Jean Claude Trichet, President of the European Central Bank, piqued the interest of some US investors who continue to battle record low yields by saying he may raise interest rates in the Eurozone when the ECB meets in April. The second installment of my series entitled “No Free Lunch” will focus on how chasing international bond yields can leave investors exposed to more than just a bond.
Almost all government bonds are denominated in the currency of the issuing country. Foreign investors who buy the bonds are exposed to the traditional risks of a bond, in addition to foreign currency risk. The example below looks at the case of a US investor considering a US Dollar denominated Treasury Bond and a Euro denominated German Bund. Germany is rated AAA by S&P.
The US investor must first convert their money to the foreign currency in order to buy foreign government bonds, and then convert back to their home currency after the bond matures. In addition to the bond itself, which will fluctuate in price and pay interest like any bond, volatility in the exchange rate between the investor’s home currency and the foreign currency will contribute to performance. In fact, over the life of the investment the currency volatility could far outpace the yield on the bond, and become a much larger factor influencing performance than the cash flow, making the investment above way less about earning an extra .5% in yield and way more about changes to the USD/EUR exchange rate.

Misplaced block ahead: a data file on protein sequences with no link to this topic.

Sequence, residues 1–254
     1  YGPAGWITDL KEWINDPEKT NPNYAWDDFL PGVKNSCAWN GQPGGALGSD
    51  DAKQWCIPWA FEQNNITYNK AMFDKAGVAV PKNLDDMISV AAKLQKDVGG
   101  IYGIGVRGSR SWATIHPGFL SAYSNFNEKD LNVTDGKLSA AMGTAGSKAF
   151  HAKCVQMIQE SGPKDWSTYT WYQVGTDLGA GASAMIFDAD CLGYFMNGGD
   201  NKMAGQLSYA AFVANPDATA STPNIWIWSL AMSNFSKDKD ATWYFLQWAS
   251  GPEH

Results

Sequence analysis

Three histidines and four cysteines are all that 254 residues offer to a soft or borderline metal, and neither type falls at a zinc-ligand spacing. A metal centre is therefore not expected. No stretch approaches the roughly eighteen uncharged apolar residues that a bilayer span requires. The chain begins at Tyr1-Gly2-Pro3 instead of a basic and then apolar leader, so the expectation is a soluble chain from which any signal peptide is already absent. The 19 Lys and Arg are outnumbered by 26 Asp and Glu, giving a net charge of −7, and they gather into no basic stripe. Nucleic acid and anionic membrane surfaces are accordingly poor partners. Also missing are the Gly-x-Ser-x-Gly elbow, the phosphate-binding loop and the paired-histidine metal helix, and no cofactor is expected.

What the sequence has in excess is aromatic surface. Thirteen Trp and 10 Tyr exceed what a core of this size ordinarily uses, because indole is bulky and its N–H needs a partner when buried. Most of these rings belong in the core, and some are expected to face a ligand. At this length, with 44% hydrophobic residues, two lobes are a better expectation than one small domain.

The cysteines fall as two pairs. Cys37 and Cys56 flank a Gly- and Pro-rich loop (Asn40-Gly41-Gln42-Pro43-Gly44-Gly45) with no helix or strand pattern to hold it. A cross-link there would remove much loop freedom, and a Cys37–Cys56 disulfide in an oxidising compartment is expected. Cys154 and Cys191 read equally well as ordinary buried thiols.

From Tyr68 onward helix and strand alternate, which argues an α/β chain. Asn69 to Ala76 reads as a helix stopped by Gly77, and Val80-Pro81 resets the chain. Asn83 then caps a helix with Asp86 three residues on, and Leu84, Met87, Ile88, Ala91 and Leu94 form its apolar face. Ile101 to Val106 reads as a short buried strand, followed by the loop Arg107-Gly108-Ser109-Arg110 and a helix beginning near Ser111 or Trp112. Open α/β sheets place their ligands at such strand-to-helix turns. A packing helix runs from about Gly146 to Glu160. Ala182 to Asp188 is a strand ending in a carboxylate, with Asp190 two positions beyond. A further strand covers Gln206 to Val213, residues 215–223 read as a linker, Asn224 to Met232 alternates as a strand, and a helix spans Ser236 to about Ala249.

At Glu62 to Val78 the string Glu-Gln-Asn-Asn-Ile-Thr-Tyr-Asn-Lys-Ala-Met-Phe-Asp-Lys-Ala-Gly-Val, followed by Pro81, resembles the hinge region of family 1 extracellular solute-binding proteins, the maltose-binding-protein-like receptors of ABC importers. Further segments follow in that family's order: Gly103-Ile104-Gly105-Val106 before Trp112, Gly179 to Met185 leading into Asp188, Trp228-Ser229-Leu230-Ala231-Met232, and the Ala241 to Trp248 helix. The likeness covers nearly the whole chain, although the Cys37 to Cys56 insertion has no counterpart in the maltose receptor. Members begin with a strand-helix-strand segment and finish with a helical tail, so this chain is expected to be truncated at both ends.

I highlight a few of the major moves in the Euro versus the US Dollar from the last 12 months in the graph above. The “PIIGS” crisis has made the Euro especially volatile, which has translated into wild swings for foreign holders of Euro denominated debt like German Bunds. Exchange rate fluctuations involve a lot of moving parts that are beyond the scope of what I’m trying to say here. Maybe delving deeper into the subject would be a good topic for a future article.
Foreign governments also issue debt denominated in currencies besides their own in order to gain access to lenders unwilling to risk converting their currency. (For example: A USD denominated bond issued by Germany) These securities have different risk characteristics than bonds denominated in the country’s local currency; specifically the country’s ability to purchase other currencies in the open market to pay interest and principal. That said, even though you aren’t taking direct currency risk when buying a foreign bond denominated in your home currency, instability in the currency market can still effect your investment.
This is just the tip of the iceberg when it comes to looking at foreign bonds. There could be some diversification benefits to spreading credit risk across different foreign governments, but foreign exchange exposure is completely different and must also be considered.
Cliff J. Reynolds Jr., Investment Analyst